What to know about Alex Murdaugh’s murder trial

The jury in the murder trial of Alex Murdaugh visited the family estate Wednesday, touring the kennel area where his wife and son were found fatally shot in 2021. (March 1)

Alex Murdaugh’s family long dominated the legal scene in his small South Carolina county, but for the past six weeks, he was on the other side of the courtroom, standing trial on murder charges in the shootings of his wife and son. He was convicted Thursday and sentenced to life in prison the next morning.

More than 75 witnesses were called and about 800 photographs, reports and exhibits were presented as evidence. Jurors visited the crime scene Wednesday before the prosecution and defense gave closing arguments over parts of two days.

When closing arguments wrapped up Thursday, the judge turned Murdaugh’s fate over to jurors, who took less than three hours to come back with their verdict. Murdaugh, 54, could have received as little as 30 years behind bars, but the judge on Friday gave him the maximum: two consecutive life sentences without the possibility of parole.

Here are some takeaways from the trial:


Alex Murdaugh called 911 on the evening of June 7, 2021, and said he found his son and wife dead when he returned home from a one-hour visit with his mother, who has dementia.

Authorities said Paul Murdaugh, 22, was shot twice with a shotgun, each round loaded with different sized shot, while Maggie Murdaugh, 52, was struck with four or five bullets from a rifle. A crime scene report suggested both victims were shot in the head after initially being wounded near dog kennels on the Murdaughs’ sprawling rural property.

Prosecutors took more than a year to charge the disgraced lawyer with murder but decided not to pursue the death penalty. Murdaugh, who is also charged with about 100 counts of financial and other crimes, adamantly denied any involvement in the killings.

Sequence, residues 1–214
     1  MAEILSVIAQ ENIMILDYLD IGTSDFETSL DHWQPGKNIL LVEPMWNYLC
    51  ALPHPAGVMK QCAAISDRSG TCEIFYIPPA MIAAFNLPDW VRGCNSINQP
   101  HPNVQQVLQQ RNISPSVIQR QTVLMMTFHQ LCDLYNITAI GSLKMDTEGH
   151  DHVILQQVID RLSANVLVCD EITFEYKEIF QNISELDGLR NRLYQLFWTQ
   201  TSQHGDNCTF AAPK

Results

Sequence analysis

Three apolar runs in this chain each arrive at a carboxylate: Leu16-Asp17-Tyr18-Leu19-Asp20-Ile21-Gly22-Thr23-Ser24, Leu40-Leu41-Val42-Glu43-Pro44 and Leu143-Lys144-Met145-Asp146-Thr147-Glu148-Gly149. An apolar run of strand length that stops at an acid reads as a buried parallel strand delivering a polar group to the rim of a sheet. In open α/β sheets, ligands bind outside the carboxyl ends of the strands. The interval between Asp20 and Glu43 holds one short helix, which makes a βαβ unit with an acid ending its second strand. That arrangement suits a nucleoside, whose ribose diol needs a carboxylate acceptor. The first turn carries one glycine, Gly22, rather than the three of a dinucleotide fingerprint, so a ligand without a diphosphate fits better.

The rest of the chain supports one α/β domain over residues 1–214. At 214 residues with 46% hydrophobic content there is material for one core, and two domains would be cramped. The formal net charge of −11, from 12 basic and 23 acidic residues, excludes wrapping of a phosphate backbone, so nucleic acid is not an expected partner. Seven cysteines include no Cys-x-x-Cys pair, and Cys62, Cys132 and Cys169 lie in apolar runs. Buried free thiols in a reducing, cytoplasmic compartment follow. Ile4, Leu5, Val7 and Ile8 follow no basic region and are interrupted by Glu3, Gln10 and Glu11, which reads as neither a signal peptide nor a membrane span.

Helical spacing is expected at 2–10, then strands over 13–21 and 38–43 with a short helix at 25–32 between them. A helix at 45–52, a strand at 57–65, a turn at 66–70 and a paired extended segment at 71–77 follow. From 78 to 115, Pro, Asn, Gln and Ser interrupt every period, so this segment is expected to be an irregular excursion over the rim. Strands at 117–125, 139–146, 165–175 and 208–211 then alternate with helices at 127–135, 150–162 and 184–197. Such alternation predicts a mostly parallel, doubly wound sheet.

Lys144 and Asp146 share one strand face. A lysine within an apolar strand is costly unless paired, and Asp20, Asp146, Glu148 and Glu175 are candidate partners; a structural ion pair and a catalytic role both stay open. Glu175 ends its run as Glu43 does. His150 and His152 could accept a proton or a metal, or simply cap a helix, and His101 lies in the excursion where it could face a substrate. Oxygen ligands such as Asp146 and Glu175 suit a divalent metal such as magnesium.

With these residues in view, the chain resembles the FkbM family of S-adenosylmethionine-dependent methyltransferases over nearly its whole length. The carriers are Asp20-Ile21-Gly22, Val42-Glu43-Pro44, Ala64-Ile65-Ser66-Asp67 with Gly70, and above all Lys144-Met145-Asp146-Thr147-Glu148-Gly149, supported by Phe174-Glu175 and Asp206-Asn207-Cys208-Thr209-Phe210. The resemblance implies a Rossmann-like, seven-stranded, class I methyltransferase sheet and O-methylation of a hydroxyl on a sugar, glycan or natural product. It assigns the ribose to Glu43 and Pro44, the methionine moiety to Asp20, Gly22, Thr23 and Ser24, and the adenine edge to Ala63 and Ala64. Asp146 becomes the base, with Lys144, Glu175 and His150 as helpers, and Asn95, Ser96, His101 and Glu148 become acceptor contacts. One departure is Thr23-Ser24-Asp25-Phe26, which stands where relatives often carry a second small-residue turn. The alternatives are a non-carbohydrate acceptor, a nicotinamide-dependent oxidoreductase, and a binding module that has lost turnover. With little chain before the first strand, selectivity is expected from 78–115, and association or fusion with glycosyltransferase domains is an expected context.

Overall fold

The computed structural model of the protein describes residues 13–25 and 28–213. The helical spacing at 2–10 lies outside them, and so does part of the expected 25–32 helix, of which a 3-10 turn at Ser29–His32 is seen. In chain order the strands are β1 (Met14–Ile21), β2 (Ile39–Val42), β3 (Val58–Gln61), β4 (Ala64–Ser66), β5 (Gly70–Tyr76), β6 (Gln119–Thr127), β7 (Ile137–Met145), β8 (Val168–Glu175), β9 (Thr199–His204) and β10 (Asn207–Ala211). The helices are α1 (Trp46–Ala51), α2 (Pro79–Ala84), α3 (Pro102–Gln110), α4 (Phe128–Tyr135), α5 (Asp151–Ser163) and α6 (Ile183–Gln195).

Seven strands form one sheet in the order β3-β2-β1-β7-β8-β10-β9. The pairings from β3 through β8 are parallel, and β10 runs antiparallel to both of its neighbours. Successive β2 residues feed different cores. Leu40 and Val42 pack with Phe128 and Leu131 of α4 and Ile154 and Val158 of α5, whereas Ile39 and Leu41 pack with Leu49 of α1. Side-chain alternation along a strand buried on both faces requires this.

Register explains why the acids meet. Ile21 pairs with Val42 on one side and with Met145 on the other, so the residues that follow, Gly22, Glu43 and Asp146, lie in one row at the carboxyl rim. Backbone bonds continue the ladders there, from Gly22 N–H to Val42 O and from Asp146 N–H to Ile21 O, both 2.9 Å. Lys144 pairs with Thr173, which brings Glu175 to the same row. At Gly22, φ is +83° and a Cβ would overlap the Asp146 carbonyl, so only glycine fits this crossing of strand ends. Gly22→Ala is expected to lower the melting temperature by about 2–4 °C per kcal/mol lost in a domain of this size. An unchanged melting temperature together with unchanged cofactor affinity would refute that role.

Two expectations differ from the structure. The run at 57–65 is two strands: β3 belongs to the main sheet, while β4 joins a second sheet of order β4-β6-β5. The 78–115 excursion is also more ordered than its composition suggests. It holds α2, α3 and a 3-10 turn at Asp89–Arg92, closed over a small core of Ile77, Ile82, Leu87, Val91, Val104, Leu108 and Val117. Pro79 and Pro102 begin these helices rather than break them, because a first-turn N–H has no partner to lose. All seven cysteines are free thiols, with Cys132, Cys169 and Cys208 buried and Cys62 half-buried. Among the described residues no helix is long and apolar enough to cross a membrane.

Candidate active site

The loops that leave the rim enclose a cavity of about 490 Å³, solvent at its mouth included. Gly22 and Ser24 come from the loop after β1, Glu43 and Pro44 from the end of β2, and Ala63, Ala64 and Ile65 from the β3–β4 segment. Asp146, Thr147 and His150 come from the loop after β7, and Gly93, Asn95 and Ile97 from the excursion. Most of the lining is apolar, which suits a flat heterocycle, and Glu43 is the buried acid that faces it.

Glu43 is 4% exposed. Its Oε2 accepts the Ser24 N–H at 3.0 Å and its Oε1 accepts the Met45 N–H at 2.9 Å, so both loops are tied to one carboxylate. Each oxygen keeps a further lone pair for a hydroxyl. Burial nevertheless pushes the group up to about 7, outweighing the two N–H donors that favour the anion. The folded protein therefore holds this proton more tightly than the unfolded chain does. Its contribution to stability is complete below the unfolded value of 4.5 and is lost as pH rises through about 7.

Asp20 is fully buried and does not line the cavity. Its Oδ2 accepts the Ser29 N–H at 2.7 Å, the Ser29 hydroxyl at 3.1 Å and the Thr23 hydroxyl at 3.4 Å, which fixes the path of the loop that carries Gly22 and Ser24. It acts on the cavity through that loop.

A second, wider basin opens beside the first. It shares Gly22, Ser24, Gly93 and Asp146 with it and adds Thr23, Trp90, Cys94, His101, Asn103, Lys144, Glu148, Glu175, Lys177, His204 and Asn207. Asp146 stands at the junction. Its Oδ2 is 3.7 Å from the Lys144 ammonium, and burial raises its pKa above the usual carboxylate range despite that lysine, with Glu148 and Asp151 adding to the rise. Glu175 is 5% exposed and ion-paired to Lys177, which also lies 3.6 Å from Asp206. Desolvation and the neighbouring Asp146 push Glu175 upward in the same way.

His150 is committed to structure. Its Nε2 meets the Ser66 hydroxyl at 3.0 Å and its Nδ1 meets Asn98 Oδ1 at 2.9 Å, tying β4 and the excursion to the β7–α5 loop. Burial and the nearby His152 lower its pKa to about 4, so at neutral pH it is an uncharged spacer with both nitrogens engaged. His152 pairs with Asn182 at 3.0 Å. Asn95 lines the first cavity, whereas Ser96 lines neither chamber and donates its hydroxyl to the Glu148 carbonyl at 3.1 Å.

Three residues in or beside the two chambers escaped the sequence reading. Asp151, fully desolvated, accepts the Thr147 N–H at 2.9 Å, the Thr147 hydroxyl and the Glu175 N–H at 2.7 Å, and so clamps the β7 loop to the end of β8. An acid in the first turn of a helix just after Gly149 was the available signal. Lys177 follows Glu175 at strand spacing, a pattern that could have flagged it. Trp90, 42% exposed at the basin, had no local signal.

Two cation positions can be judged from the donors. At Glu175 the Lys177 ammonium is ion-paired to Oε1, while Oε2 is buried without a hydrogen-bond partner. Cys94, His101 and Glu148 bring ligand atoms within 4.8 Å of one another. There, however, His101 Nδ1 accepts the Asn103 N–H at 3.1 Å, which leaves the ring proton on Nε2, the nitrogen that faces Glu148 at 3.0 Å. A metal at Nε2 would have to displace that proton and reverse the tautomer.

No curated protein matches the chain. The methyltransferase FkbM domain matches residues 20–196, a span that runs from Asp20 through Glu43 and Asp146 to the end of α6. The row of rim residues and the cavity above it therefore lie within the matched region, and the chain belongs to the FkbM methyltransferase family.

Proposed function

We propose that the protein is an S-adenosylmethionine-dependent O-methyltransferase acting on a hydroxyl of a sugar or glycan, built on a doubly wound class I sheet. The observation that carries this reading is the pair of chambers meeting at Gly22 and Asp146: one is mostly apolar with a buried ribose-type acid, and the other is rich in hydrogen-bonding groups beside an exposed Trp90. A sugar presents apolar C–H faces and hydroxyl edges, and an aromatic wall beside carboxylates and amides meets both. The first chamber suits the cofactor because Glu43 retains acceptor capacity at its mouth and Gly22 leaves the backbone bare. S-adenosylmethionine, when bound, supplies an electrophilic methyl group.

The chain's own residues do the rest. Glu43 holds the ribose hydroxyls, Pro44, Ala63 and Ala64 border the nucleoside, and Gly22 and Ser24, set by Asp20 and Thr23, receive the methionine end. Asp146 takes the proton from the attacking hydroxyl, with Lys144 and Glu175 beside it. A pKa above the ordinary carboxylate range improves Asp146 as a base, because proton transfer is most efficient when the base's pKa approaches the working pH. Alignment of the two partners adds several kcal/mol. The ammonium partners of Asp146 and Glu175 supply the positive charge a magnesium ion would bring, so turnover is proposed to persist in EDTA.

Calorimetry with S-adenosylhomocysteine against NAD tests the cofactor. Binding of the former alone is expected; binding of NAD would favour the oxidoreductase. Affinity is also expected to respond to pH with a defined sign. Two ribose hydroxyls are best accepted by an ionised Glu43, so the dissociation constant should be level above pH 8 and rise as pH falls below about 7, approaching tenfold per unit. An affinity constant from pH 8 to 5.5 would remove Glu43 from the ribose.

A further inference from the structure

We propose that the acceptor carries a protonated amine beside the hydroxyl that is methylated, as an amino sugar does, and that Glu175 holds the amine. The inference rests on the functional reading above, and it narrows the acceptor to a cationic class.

Prosecutors, who contend that Murdaugh killed his wife and son to distract from his financial crimes, did not present direct evidence against him.

They called 61 witnesses and introduced more than 550 pieces of evidence over 17 days of testimony — from descriptions of the brutality of the killings to numbing details about bank records.

The weapons used to kill the victims were not produced. But prosecutors did get one key piece of evidence that showed Murdaugh lied to police and that put him at the kennels where his wife and son were shot just five minutes before investigators think they were killed because they stopped using their cellphones.

It’s a video taken by Paul Murdaugh, locked in his cellphone for a year after the killings until federal agents could hack into it. Alex Murdaugh told the first police officer to arrive and every investigator afterward that he was never at the kennels. But his voice is on that video.

“That changed everything,” prosecutor Creighton Waters said in his closing statement Wednesday.

“I did lie to them,” was one of the first things Murdaugh said when he took the stand in his own defense, blaming paranoia about law enforcement because he was addicted to opiates and had a bottle of pills in his pocket when he was questioned.

Waters asked jurors why an innocent man who just saw his wife and son slaughtered or the state agents investigating would be worried about pills.

“He was lying to you when he made that up — just like he has lied to everyone close to him. And he’s good at it,” Waters said.


Murdaugh was the 72nd witness called during the trial.

His defense team wasted no time. Their first questions were whether he killed his wife or son, which he denied forcefully. During questioning by his lawyer and prosecutors, he repeatedly denied that he ever hurt them.